Elizabeth Lippman for The New York Times
Maria Popova is the editor of Brain Pickings, an online grab bag of eclectic information.
SHE is the mastermind of the one of the faster growing literary empires on the Internet, yet she is virtually unknown. She is the champion of old-fashioned ideas, yet she is only 28 years old. She is a fierce defender of books, yet she insists she will never write one herself.
At precisely 9:30 on a chilly Saturday morning, Maria Popova slips out of her apartment in Brooklyn, scurries down a few stairs and enters a small basement gym. A former recreational bodybuilder from Bulgaria, Ms. Popova is the unlikely founder of the exploding online emporium of ideas known as Brain Pickings.
Her exhaustively assembled grab bag of scientific curiosities, forgotten photographs, snippets of old love letters and mash notes to creativity — imagine the high-mindedness of a TED talk mixed with the pop sensibility of P. T. Barnum — spans a blog (500,000 visitors a month), a newsletter (150,000 subscribers) and a Twitter feed (263,000 followers). Her output, which she calls a “human-powered discovery engine for interestingness,” has attracted an eclectic group of devotees including the novelist William Gibson, the singer Josh Groban, the comedian Drew Carey, the neuroscientist David Eagleman, the actress Mia Farrow and the Twitter founders Biz Stone and Evan Williams.
“She’s a celebrator,” said Anne-Marie Slaughter, a Princeton professor and former State Department official. “You feel the tremendous amount of pleasure she takes in finding these things and sharing them. It’s like walking into the Museum of Modern Art and having somebody give you a customized, guided tour.”
Unlike most blogger celebrities, however, Ms. Popova revels in remaining anonymous, which means her followers know almost nothing about her. In an age when many tweet what they put in their morning coffee, she rarely uses the word “I.” Her personal history is almost completely absent. Her photograph is not on the site. “I don’t feel the necessity to be in the public eye that way,” she said after reluctantly agreeing to sit for an interview. “There’s a certain safety in making people feel like you’re an organization and not a person. ”
A fierce creature of habit, she begins every day by working out. On this morning, she alternates 20 chin-ups with 50 push-ups, then performs a series of planks and stretches. Once on the elliptical, she frantically highlights an obscure 1976 book, “The Creativity Question” (Amazon sales ranking: one million-plus), and checks her RSS feed on her iPad.
Exactly 70 minutes later, she returns to her modest one-bedroom apartment to write a brief essay about Freud and daydreaming, file her thrice-daily blog entries and schedule her regimen of 50 Twitter messages a day. She does this while balancing on a wobble board.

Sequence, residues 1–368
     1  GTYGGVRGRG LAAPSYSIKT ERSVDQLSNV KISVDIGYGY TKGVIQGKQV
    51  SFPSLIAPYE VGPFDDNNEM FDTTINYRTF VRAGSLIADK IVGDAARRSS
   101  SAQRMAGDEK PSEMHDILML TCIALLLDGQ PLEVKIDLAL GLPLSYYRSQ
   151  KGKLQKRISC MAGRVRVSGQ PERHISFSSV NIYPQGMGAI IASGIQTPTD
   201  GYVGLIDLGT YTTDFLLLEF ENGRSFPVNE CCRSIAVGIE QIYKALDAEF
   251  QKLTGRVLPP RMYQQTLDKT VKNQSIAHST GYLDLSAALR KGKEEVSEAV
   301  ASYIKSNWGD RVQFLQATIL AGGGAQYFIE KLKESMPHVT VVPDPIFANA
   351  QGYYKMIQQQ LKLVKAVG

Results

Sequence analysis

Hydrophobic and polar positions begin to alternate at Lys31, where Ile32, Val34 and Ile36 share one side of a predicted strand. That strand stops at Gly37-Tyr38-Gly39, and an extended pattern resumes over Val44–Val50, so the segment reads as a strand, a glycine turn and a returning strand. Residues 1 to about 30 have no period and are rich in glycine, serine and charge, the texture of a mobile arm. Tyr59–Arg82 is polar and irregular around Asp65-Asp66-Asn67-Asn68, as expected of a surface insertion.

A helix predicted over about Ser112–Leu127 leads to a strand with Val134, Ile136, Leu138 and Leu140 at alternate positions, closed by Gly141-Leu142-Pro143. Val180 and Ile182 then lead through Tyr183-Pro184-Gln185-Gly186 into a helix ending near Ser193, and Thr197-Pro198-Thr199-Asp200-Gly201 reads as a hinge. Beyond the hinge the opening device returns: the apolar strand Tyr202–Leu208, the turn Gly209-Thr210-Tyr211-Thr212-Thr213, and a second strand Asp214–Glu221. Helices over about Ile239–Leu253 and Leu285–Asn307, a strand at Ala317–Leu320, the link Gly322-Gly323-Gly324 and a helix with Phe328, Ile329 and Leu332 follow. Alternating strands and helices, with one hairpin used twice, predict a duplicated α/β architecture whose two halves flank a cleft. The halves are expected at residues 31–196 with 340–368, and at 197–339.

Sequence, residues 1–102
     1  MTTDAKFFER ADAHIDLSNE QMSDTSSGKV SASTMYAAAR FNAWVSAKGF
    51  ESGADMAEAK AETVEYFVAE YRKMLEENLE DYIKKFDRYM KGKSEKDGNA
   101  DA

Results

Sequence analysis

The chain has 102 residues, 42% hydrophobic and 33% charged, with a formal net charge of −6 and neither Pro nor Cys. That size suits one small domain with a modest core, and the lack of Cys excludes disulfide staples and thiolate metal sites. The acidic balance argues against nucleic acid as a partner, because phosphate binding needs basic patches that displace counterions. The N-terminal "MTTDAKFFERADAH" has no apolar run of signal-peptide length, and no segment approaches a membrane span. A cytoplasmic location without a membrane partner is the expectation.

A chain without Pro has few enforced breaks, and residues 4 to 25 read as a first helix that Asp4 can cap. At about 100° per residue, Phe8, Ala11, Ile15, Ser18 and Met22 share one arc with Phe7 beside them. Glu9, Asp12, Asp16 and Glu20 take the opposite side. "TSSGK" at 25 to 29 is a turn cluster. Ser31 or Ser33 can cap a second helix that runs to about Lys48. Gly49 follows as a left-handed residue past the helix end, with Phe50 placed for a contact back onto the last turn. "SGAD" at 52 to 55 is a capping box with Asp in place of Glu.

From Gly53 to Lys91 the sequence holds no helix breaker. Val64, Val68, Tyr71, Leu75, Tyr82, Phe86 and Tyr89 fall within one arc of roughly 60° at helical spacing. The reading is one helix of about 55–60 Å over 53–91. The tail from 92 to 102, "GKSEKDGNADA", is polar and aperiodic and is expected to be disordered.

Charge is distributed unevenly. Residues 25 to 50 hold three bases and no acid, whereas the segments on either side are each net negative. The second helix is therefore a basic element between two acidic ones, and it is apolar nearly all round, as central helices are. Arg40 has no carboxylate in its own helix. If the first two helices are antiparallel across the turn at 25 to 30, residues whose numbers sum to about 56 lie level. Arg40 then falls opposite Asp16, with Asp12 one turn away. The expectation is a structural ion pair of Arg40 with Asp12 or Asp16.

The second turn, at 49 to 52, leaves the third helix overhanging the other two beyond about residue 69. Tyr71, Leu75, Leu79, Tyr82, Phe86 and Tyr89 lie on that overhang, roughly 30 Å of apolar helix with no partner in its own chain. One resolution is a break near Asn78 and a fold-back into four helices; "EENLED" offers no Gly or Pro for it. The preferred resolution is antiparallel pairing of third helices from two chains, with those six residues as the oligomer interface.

“I try to sit still when I work, but my mind goes spiraling elsewhere,” she said in a mild Slavic accent reminiscent of Bond girls in the 1970s. “When my body is moving, it’s almost like it takes the wind out of this mental spinning, and I’m able to focus.” Recently, she came upon a 1942 book on inspiration chronicling others with the same habit. “Mark Twain paced while he dictated,” she said. “Beethoven walked along the river. Maybe there’s a psycho-biological element.”
Ms. Popova traces her discipline to her upbringing behind the Iron Curtain. Her parents met as teenage exchange students in Russia and had her almost immediately. Her father was an engineering student who later became an Apple salesman; her mother was studying library science. “We’re not very much in touch,” she said of her parents today, “but recently we were on Skype, and this whole library science thing came up. I realized a lot of what I do is organizational, almost like a Dewey Decimal System for the Web. My mother got so emotional. It was very funny, and kind of moving.”
Her paternal grandmother was a rabid biblio and had a collection of encyclopedias, Ms. Popova said, and she credits the act of randomly opening volumes and happening upon entries for her passion to discover old knowledge. “The Web has such a presentism bias,” she said, with Facebook updates, tweets and blog entries always appearing with the latest first. By contrast, flipping through the encyclopedia was “an interesting model of learning about the world serendipitously and also guidedely.”
After graduating from an American high school in Bulgaria, she enrolled at the University of Pennsylvania, where she quickly grew bored with what she calls the “industrial model” of education, involving large-scale lectures. While still a student, she was working part time at an advertising firm in 2005, when a colleague sent around an e-mail with clippings of rivals’ work to inspire the team.
Bruce Feiler’s latest book,“The Secrets of Happy Families,” will be published in February. “This Life” appears monthly.
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